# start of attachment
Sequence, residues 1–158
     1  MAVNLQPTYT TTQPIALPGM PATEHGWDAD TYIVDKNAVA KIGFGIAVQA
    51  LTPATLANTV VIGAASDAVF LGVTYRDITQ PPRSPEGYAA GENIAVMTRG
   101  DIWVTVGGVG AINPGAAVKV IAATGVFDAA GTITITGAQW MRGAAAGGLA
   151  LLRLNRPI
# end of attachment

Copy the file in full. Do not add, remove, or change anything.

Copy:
Sequence, residues 1–158
     1  MAVNLQPTYT TTQPIALPGM PATEHGWDAD TYIVDKNAVA KIGFGIAVQA
    51  LTPATLANTV VIGAASDAVF LGVTYRDITQ PPRSPEGYAA GENIAVMTRG
   101  DIWVTVGGVG AINPGAAVKV IAATGVFDAA GTITITGAQW MRGAAAGGLA
   151  LLRLNRPI